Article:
The London Times' Stephen Farrell reports in on the theater beat from Israel:
In five years covering the Middle East for The Times I have witnessed scenes that stretched credulity, in a region where history more often than not gives birth to its bastard offspring - tragedy and farce - simultaneously.
* * *
In Najaf during one of the fiercest military battles of the Iraq insurgency I saw Moqtada al-Sadr's militia cackling with laughter at the hoary old 'Yes but are you a Catholic Shia or Protestant Shia' joke from Northern Ireland.
In Fallujah a terrifying kidnap descended into hysterical scenes as I watched a roomful of Baathist insurgents stand in a circle and compare bald spots, before gravely agreeing that Her Majesty's Times correspondent’s beat them all.
* * *
But nothing, nothing compared with the scene of a Nazi-saluting Israeli actor, whose own European Jewry grandfather was a personal friend of Franz Kafka - shouting 'Heil' on an Israeli theatre stage while wearing a Third Reich helmet, gravely assuring an audience of Kristallnacht survivors: 'the Fuhrer was a great dancer'.
Yes, friends, Mel Brooks' musical version of The Producers has opened onstage in Israel, featuring noted drag queen Itzik Cohen as Roger de Bris/Hitler. [Additional photos of Cohen's flouncin' fatty of a führer accompany this AP story.]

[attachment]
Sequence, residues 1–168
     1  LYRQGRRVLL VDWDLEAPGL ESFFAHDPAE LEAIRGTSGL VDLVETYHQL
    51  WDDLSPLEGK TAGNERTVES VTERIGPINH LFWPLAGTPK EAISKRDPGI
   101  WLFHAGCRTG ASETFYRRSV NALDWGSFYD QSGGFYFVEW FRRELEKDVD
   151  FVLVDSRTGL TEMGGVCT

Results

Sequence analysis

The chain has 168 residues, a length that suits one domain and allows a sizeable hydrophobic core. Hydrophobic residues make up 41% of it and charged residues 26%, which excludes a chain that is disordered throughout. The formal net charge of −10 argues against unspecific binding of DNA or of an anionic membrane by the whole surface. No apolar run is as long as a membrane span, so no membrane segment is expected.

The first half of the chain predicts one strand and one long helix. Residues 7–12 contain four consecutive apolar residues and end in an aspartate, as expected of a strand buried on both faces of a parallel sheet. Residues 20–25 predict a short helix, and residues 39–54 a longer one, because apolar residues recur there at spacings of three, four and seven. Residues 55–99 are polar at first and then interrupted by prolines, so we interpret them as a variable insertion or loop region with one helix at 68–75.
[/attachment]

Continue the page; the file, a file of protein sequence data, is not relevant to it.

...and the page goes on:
As Mr. Farrell reports in his companion story, putting on a Nazi-centric musical comedy in Israel provides hitherto unsuspected opportunities for that nice Mrs. Miriam Bobash to play dark little practical jokes on her husband Benny:
During the interval on Tuesday, Miriam Bobash, 78, a Dresden-born Holocaust survivor, said that she had not told her husband, Benny, about the content of the play beforehand.
'It’s fun,' she said with a grin. 'It actually is very good.' Mr. Bobash, 81, was altogether less enthusiastic. He said: 'It’s not a subject that we should even laugh about. If I had known, I wouldn’t have come.' His view was clearly in the minority.
'The biggest fun on earth,' said Frances Marcus, 74, who survived the Holocaust in her native Netherlands.
'You couldn’t have put this on twenty or even ten years ago. And now to see this Hitler dancing and not feel offended. Attitudes to Germany have changed totally. Both sides have grown up.' After a pause she added: 'And with this whole business of the [Prophet Muhammad] cartoons — isn’t this just the biggest, super-mega cartoon, this show?'
The Tel Aviv production is in Hebrew, but it is not the first non-English version of the show. That distinction, at least according to Pravda, belongs to the production that opened last month in that notorious hotbed of cavalier disrespect, Copenhagen, Denmark. A cast photo (and hotel bookings) may be had here.
[Initial tip-off to the existence of the Tel Aviv production via Tim Blair.]